GOP Senate leader steps down over civil unions ﬂap
By LOU CHIBBARO JR.firstname.lastname@example.org
A Republican lawmaker in Maryland who plans to introduce a civil unions bill startled colleaguesthis week by resigning from his position as minority leader in the State Senate one week before thescheduled introduction of a same-sex marriage bill.Sen. Allan Kittleman (R-Howard County) said he decided to withdraw from the minority leader posthe held for two years after determining he was not conservative enough for the other 11 GOP senatorsin the 47-member Senate.Observers at the state capital in Annapolis said it became clear to Kittleman that his moderate toliberal views on social issues troubled the other GOP senators after he announced plans to introducelegislation allowing civil unions in Maryland for same-sex and opposite-sex couples.“I’m a social moderate and I wanted to stand up for what I believe in,” the Baltimore Sun quoted himas saying. “It’s more important for me to stay true to my beliefs than it is for me to be the minority leader.”LGBT advocates pushing for a same-sex marriage bill in the Maryland Legislature had expressedconcern earlier this month that Kittleman’s civil unions measure might take away votes from the mar-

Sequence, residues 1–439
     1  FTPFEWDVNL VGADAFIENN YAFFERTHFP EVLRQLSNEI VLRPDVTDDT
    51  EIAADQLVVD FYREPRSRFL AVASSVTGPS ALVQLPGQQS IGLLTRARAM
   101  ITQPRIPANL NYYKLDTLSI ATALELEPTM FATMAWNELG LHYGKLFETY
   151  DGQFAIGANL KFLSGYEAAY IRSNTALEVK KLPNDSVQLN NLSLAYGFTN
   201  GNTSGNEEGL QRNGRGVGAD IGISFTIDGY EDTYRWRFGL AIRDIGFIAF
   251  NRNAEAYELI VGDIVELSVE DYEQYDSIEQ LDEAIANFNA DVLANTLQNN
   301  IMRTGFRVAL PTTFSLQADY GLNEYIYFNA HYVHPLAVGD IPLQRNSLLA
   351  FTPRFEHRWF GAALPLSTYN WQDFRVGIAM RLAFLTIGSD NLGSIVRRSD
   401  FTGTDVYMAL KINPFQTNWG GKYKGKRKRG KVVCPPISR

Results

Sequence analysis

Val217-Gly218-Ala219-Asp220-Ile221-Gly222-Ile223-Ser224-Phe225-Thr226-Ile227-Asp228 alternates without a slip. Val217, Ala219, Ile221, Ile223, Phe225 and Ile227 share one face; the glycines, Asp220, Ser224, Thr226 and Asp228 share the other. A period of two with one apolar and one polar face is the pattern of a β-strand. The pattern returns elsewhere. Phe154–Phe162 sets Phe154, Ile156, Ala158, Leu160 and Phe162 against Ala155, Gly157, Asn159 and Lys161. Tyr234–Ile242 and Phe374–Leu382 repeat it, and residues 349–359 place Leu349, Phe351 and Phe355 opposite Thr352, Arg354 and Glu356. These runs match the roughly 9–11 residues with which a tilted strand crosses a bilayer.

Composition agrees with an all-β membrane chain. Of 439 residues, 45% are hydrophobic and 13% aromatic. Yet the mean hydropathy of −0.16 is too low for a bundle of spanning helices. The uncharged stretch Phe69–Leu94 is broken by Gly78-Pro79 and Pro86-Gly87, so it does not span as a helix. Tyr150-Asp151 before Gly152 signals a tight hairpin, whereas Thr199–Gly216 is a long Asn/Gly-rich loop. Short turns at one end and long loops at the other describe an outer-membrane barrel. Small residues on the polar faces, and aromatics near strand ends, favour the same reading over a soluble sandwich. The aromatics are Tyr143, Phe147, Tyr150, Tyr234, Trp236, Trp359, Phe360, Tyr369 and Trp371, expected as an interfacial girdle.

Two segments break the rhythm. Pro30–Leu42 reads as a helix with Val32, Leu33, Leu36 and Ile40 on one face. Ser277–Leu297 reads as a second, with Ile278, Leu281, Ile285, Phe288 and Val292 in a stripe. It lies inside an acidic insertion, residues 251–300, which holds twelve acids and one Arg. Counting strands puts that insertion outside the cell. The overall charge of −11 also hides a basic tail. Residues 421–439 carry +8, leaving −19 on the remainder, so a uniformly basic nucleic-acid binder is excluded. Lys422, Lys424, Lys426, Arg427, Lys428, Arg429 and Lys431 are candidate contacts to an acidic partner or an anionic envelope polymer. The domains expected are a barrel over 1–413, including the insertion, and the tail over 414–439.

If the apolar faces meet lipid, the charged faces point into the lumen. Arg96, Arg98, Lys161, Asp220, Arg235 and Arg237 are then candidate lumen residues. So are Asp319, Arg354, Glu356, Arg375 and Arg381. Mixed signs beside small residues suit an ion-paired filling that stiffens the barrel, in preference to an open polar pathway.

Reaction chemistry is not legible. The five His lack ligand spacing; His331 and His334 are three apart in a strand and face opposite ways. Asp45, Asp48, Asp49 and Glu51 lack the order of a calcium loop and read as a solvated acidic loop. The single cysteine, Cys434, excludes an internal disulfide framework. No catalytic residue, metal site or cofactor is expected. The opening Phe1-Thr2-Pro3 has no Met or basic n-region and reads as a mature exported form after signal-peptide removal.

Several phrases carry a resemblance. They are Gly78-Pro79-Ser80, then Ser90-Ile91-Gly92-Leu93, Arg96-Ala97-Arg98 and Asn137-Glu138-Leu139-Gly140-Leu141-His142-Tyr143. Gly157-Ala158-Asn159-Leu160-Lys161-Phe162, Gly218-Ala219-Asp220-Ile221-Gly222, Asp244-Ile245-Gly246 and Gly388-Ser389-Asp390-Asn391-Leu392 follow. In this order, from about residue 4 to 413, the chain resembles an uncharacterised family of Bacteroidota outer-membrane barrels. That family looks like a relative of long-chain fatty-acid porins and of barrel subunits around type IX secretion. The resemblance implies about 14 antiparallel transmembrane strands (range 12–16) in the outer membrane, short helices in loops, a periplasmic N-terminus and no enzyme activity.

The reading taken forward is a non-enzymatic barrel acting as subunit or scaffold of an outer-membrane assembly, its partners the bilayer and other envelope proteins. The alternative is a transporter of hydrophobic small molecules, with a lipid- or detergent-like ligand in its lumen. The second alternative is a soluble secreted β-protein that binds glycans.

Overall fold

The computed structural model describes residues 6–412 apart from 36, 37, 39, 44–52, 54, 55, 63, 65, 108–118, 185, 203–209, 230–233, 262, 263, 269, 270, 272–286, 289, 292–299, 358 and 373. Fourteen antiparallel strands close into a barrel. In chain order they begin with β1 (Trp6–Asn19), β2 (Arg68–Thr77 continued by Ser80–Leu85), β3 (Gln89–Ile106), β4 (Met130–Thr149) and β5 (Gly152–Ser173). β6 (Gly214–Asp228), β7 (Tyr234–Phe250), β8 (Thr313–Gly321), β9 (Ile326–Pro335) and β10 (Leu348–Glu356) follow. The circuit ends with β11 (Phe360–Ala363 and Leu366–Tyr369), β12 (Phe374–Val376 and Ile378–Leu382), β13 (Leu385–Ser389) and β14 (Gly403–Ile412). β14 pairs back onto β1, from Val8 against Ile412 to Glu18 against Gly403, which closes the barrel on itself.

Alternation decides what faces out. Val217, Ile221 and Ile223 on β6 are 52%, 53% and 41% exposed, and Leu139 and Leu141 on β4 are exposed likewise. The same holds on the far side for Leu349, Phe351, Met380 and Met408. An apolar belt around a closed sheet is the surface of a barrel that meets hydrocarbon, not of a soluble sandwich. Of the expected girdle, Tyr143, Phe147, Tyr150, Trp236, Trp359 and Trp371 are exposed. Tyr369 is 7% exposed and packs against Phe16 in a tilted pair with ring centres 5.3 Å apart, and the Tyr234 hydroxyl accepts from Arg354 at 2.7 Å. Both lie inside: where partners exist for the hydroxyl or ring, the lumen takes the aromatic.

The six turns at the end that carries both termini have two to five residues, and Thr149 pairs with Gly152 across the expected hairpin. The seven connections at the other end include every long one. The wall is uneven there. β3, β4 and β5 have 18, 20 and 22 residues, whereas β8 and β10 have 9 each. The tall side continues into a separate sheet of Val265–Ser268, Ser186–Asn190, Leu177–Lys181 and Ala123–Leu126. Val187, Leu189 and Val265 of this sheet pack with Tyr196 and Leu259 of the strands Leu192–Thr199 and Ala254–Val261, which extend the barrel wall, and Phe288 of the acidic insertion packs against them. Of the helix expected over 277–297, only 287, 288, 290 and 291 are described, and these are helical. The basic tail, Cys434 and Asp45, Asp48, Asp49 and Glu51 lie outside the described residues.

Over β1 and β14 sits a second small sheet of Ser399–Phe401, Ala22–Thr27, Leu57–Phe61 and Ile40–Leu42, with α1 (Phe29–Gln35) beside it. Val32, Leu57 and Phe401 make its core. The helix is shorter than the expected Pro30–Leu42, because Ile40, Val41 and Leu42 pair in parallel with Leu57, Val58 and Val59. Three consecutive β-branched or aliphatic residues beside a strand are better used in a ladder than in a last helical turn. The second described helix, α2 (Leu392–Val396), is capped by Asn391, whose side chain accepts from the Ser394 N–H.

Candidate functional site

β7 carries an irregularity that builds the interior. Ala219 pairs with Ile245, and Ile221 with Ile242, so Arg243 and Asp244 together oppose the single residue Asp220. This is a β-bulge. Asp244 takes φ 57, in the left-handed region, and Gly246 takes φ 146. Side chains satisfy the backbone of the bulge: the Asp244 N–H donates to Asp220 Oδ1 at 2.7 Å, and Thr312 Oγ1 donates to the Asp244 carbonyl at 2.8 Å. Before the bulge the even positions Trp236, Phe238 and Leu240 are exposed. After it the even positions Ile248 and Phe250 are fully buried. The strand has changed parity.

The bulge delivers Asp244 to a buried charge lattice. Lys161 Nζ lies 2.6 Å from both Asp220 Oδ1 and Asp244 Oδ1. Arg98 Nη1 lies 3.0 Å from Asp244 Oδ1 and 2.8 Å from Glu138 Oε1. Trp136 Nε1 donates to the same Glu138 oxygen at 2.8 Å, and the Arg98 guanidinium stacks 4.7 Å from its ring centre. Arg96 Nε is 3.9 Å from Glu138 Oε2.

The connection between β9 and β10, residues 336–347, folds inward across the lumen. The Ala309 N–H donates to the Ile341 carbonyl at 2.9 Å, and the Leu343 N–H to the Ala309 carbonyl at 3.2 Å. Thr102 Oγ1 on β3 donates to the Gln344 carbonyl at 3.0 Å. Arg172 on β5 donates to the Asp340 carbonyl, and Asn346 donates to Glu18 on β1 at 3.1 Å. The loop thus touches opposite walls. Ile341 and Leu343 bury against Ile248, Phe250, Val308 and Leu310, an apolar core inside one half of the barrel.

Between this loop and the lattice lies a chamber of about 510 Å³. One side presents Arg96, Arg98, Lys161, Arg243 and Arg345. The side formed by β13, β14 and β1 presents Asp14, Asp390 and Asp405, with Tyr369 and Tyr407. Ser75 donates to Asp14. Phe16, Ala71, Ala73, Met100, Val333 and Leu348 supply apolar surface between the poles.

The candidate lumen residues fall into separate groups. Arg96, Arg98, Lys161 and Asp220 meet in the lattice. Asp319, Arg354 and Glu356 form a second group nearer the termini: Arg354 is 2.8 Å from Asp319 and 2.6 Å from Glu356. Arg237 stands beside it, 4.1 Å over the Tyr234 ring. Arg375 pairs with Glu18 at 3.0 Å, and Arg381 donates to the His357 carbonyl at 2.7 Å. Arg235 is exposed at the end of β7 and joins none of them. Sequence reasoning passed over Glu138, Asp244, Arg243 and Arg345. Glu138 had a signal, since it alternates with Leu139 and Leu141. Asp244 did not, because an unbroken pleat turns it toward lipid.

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washingtonblade.com • vol. 42, issue 03 • january 21, 2011 • Still sharp after 40 years
In wake of repeal, some ready to talk,others staying in closet
By CHRIS JOHNSONcjohnson@washblade.com
For one gay Air Force pilot, it remains business as usual as hekeeps his sexual orientation a secret despite passage of legislationallowing for repeal of “Don’t Ask, Don’t Tell.”The Charleston, S.C., resident, who spoke on condition of anonym-ity, said he considers himself a private individual and sees no need tomake public to his Air Force comrades his gay identity.“It’s just not my style,” he said. “So, no, I’m probably not going tosay anything. If somebody asks me, I might say, ‘Well, if you’re askingthe question, then you probably already know the answer to it, so I’llleave it at that.’”The pilot said he sees no need to take a date to squadron picnic asstraight airmen might bring their spouses.“As far I can tell, nobody suspects that I’m gay at work, other thanI’m single,” the pilot said. “We’re a bunch a pilots, so sometimes it’snot easy for relationships, so a lot of guys that are even older than Iam have never been married, so it’s not uncommon. I don’t stand outbeing in my early 30s and single.”The pilot’s decision to keep his sexual orientation a secret repre-sents one option for gay service members now that “Don’t Ask, Don’t
Md. marriage bill coming
Service members torn over coming out
Annual MAL weekend brought crowds of leather aﬁcionados to city.
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New RNC Chair Reince Preibus supports ban on same-sex marriage
Chely Wright reﬂectson her coming outjourney on eve ofBirchmere show.
signed repeal of ‘Don’t Ask, Don’t Tell’ last month, prompting service members to wrestle withthe question of when — and if — to come out to colleagues.
Washington Blade photo by Michael Key